Cleveland Cavaliers: Grading Cedi Osman’s 2019-20 season thus far

Cleveland Cavaliers wing Cedi Osman brings the ball up the floor. (Photo by Brian Sevald/NBAE via Getty Images)
Cleveland Cavaliers wing Cedi Osman brings the ball up the floor. (Photo by Brian Sevald/NBAE via Getty Images) /
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Cleveland Cavaliers
Cleveland Cavaliers wing Cedi Osman talks with Cleveland head coach J.B. Bickerstaff in-game. (Photo by Jason Miller/Getty Images) /

Cedi Osman has been somewhat underwhelming for the Cleveland Cavaliers thus far in the 2019-20 season. Here, we’ll grade the third-year wing’s play on both ends.

It’s evident that the Cleveland Cavaliers are still in the fairly early stages of their full-rebuild.

What has been nice in the last two seasons, though, is that the rebuilding focus has allowed for pieces such as Collin Sexton and Cedi Osman to get plenty of meaningful minutes.

In this 2019-20 season which is currently on hiatus until further notice due to the novel coronavirus pandemic, that’s included a healthy minutes-share for rookies in Darius Garland and Kevin Porter Jr., too, and Porter has filled in for Osman often as his primary backup at the small forward spot.

That’s not necessarily ideal, as KPJ is more suited to play the 2 spot at 6-foot-4, but it’s been productive for Porter to get out there on the floor for his development, and he’s flashed big-time potential as a perimeter player.

So how has Osman looked in his third season to this point, firstly on the offensive end?

It’s been a mixed bag, realistically.

Looking at Osman’s offensive play

Osman on the offensive end to this point has been often a catch-and-shoot contributor. In that role on the perimeter, he’s done a pretty nice job.

On the season, Osman’s knocked down 38.3 percent of his three-point shot attempts, and on catch-and-shoot triples, he’s hit 38.8 percent on a 41.2 percent frequency, per’s shot tracking data.

light. Related Story. Revisiting Cedi Osman's three best games thus far of 2019-20

That’s been good to see for the 25-year-old wing, who has done an admirable job for most of the season hitting shots off-the-catch after deliveries from the likes of pieces such as Darius Garland, Kevin Love, Sexton and Larry Nance Jr.

What has been the down side with Osman, though, has been him showing a pretty low ceiling in terms of scoring.

Now, I understand Love has been mostly healthy and pieces such as Garland and KPJ have played directly into it, but Osman having just 11.0 points per outing and seemingly being an after-thought on way too many occasions throughout 2019-20 has made him starting at the 3 on most occasions, a premium position in today’s league, something I wouldn’t expect to be the case next season.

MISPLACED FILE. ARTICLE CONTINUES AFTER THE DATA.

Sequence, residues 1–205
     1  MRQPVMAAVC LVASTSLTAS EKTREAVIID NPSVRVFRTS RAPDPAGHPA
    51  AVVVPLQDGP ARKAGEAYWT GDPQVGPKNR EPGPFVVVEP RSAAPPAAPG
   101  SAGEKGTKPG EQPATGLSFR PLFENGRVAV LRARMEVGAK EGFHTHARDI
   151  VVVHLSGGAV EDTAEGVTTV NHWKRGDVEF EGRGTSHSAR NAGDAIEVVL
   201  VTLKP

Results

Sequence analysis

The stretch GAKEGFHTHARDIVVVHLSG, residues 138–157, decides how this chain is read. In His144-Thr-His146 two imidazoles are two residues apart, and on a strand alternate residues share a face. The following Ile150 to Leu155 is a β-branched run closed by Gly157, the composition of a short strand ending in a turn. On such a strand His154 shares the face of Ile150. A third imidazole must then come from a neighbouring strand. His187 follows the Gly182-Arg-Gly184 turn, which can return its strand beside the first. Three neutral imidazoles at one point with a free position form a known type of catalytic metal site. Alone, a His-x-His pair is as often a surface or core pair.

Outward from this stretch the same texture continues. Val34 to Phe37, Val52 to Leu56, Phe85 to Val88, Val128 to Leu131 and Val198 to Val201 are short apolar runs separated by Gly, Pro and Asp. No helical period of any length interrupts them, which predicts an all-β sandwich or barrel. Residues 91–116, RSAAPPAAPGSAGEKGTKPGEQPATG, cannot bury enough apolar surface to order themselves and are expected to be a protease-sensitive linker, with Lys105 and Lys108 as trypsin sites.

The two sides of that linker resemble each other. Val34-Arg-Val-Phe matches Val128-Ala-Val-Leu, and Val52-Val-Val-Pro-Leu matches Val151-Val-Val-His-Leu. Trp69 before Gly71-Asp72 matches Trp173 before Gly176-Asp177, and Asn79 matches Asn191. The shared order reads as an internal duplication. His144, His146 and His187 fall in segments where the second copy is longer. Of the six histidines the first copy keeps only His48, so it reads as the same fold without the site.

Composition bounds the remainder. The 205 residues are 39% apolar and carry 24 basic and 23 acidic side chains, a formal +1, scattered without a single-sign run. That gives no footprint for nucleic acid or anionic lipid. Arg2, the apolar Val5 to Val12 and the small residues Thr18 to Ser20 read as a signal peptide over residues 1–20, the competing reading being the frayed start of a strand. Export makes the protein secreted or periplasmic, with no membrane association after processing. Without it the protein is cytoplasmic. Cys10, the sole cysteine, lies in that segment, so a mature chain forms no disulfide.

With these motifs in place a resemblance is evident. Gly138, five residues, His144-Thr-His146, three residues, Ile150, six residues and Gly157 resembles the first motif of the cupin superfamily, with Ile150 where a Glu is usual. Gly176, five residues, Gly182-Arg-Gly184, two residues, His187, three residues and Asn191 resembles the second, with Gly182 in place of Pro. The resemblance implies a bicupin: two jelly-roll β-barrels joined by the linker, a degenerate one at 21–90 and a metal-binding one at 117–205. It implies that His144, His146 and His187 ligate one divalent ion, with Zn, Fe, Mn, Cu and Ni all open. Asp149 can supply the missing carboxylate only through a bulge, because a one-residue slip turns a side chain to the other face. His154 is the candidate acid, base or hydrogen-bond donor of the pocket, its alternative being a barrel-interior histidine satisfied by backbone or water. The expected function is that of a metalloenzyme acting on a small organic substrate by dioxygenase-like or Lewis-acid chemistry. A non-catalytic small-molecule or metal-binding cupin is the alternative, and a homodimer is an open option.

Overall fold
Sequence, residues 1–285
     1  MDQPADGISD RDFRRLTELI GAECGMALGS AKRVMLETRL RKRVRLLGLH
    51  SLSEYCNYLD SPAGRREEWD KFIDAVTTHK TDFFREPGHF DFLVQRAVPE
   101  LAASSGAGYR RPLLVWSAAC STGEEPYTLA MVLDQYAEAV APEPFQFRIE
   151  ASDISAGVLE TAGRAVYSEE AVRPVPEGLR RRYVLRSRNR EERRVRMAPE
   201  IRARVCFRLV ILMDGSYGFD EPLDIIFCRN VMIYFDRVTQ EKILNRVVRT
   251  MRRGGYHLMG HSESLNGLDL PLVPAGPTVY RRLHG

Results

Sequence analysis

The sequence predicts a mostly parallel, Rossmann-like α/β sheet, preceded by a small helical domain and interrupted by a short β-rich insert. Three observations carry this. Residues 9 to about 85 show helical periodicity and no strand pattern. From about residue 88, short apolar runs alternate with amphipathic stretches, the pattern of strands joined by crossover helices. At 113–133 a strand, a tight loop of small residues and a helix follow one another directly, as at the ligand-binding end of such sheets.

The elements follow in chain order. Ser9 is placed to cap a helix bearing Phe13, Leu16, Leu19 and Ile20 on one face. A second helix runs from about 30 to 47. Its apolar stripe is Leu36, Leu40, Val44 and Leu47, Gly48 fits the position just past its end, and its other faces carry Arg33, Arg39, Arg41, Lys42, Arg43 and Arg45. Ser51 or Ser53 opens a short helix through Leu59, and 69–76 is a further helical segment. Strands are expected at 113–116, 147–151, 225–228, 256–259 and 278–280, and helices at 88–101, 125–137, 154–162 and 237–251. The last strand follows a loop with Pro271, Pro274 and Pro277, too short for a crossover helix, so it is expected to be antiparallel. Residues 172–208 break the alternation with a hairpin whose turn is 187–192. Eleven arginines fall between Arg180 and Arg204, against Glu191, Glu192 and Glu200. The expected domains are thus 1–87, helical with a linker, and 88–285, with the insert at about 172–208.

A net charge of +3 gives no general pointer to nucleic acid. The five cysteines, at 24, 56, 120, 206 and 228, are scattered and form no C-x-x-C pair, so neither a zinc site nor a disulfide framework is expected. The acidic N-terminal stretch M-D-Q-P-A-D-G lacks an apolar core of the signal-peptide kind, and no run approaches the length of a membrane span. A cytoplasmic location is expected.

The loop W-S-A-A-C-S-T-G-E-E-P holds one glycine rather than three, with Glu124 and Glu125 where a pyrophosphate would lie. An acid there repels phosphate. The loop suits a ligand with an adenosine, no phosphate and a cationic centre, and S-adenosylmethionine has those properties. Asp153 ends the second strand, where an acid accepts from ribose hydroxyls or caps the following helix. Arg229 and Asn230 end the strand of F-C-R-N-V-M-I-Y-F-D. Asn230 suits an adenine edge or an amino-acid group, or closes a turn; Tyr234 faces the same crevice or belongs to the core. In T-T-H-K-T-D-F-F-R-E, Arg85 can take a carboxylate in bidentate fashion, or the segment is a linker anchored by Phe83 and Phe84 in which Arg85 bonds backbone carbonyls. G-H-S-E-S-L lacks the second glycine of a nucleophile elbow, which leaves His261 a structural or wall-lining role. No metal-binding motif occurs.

Osman’s a solid ball-mover with above average passing instincts, as evidenced by him having a halfway decent 2.4 assists per outing, but at times still, in large part to perhaps get himself in more of a rhythm, he’ll try to do too much in pick-and-roll situations when the matchups aren’t really favorable and that leads to inefficient possessions.

Osman does have the ability to hit pull-ups at times in the mid-range area, and I would’ve liked to have seen him used more earlier on as an off-screen pull-up man, but Osman has a tendency to drive too hard to the rack too often instead of using that pull-up acumen.

His handle is nowhere near that of Porter, really, either.

Plus, I wouldn’t expect him to have nearly the pull-up and/or real sharpshooting ability of Dylan Windler, who has not appeared at all this season due to a stress reaction in his left leg, and if he can get healthier, is a finisher with better touch near the rim than Osman, who rushes looks too much.

It is feasible to see Porter man the starting 3 more so next season, or at least dip more into his Osman’s minutes-share, and just as’s Chris Fedor essentially touched on, I wouldn’t have been all that surprised if Windler overtook Osman’s starting 3 role at some point this season had he gotten healthy. In some instances going forward, though, I could see the Cavs playing Osman, KPJ and Windler in the same lineups.

Moreover, to me, while the catch-and-shoot perimeter hit rate is a positive sign for Cedi and he is productive as a cutter and is a capable pull-up shooter, his ability to create separation is inconsistent at best still.

Going forward, I’d expect him, mainly due to a low ceiling (his season high is 22 points) and him being hot and cold as a finisher inside the paint, to be coming off the bench more. Cleveland needs more pop on-ball when it comes to the starting 3 position, which factors into the below offensive grade thus far in 2019-20 for Osman.

Osman’s offensive grade thus far in 2019-20: B-

So next up, we’ll jump to Osman’s defensive play thus far this season.